The pain faded as the cold sucked everything from me. Exposed skin went from fiery burning to numb. A dull pain, like a severe headache, throbbed in my bones. I think she was gone. I couldn’t hear or feel her. My arms waved wildly as I tried to stay above the massive landslide. We had been so close to the edge of it, so close to being precariously safe.

And then it stopped. The motel a few yards in front of me. I realized the mountain had been closer than we thought, or we had traveled further, or nothing was as it seemed at all. She was close by. Her face as it was before but more pale and hollow. Her eyes blinked rapidly as her mouth gaped.

“Oh god, are you okay?”

I fell down on my knees and began digging and tugging, trying to get her out of the snow. I needed to make sure she was whole, she was okay. She was all I had left. I leaned over her and saw her neck was steaming, the red pool growing around the gash under her chin.

“No! No!” I didn’t know what to do.

Her eyes found mine, and they were still yellow with the black gash down the center. The eyes of a serpent. I leaned over and pressed my lips to her, the tears freezing on my eyelashes. She tried moving, but gave up, gasping and gurgling. And then I glanced behind and saw them, so close. Within moments, they would be on us. And I would be gone too.

“Not like this.”

There was no use in stopping the blood or comforting her. She was fading. But I wasn’t going to let her go alone. We made it this far together, we would continue on in the afterlife.

I ripped off my backpack, surprised it had stayed on with the straps frayed and tearing at every seam. Inside was more explosives and a few flares. I snatched up the flare, dumped the sticks of dynamite over her and leaned down for a final kiss. I saw their shadows falling over us as I ignited the flare, the phosphorescent light bursting a second before the world blinked white and then nothing.

Interview on Storyteller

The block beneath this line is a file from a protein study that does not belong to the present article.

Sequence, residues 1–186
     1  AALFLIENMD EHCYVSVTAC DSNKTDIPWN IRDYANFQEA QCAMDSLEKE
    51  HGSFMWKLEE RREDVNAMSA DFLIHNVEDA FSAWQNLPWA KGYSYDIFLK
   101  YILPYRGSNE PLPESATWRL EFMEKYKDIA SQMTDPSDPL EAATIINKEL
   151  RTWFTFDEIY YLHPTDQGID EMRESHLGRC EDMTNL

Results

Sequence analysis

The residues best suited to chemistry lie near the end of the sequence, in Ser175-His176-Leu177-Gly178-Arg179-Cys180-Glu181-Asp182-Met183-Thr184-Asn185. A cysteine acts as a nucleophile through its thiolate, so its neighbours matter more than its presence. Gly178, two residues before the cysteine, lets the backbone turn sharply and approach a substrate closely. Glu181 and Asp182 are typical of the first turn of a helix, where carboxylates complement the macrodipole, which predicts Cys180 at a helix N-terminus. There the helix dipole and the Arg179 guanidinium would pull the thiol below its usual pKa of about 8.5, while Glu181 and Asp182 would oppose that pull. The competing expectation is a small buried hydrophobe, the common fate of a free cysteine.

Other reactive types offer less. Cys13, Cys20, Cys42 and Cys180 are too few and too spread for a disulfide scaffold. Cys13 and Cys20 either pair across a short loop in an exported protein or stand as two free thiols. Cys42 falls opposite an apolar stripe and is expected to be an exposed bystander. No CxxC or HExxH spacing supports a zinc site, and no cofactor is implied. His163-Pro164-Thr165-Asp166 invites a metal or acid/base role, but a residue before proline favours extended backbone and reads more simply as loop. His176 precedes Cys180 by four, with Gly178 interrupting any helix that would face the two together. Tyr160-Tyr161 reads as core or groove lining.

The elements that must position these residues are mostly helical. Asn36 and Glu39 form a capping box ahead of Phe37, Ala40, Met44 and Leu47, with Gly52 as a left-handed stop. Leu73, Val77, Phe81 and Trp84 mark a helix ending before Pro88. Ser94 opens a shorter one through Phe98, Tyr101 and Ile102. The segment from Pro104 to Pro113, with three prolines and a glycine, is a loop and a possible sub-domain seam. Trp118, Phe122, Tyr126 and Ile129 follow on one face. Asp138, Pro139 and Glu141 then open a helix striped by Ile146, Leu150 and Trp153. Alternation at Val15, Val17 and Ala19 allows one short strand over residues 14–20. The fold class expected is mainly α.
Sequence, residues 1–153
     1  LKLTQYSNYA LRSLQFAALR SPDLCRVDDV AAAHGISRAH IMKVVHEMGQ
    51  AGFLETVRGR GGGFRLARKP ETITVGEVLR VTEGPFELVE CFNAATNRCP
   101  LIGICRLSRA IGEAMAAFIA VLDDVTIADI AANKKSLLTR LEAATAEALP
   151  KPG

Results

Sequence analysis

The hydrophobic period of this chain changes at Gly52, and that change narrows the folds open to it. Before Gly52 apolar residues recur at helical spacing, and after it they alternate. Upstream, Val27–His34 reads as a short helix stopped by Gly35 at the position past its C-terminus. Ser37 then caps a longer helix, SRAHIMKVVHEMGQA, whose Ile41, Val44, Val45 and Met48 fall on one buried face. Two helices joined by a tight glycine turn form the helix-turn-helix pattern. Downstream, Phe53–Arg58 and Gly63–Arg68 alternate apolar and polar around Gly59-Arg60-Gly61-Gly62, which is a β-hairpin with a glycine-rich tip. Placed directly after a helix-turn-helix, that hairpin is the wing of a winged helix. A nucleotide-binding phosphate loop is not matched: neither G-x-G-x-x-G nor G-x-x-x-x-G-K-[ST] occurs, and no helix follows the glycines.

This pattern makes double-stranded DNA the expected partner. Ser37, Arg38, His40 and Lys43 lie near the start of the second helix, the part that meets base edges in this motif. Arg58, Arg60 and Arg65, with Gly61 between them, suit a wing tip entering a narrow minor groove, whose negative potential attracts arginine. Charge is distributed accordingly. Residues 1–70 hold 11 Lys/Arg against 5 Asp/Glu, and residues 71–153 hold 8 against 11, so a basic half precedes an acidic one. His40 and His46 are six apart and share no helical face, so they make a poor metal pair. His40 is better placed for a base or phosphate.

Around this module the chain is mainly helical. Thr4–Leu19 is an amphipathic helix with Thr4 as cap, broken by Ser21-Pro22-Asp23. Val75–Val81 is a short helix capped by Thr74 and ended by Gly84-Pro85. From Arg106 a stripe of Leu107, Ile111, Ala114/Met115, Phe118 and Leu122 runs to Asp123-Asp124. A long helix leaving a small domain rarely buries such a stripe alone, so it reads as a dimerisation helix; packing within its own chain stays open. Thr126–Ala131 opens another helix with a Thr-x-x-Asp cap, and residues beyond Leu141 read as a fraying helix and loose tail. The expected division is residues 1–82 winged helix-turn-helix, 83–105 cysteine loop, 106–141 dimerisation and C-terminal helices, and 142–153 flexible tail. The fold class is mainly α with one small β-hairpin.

Women in Horror Month is here! I have been featured on S. K. Gregory’s Storyteller Blog today, so if you get a chnce, check it out!

WiHM9 Interviews Amanda Leanne Boyce

 

A bit from the interview:

S.K. Gregory: Why is horror writing important to you?

Amanda Leane: I have an interesting theory about horror and what it does for me. I had a difficult childhood and have dealt with depression and insomnia (mine as well as that of my family) for a good amount of my life. Books became a staple for me at an early age. I learned to read when I was four, thanks to a determined uncle who saw my young fascination for books , and had read my first horror by the second grade. My mother loved Stephen King and Anne Rice, and so those books were quite plentiful. With insomnia, mom would be up late watching horror movies on one of the old random channels that played classics. And so the reading and watching gave me an early introduction, respect and love.
With horror, I feel it is more relatable to life. I’m not, nor ever have been, a fan of happy endings. I feel that if something goes horribly wrong, it can never be completely righted. I also feel that horror can embody issues worse than my experiences and fears, thus giving me proof of a darkness much bleaker than any I have dealt with. When I write horror, I get to control that. I am in control of the darkness. I decide how deep it can go, what it does , if it is able to be overcome and what it will leave behind. I can create worlds worse than any depression I have had and yet at any time I can tilt it another direction.
Horror is also necessary, in my opinion, to show the depths of depravity the human mind is possible to have. It also allows us to indulge in the faux pas aspects of being human in a lawful world without breaking any morality or personal vindications. You can delve into the mind of a cannibal or sympathize with a real monster and its okay. In horror, you can face your fears or bask in the darkness and close the book at the end without changing your place in the world. Horror allows us to confront and embrace so much on our own terms.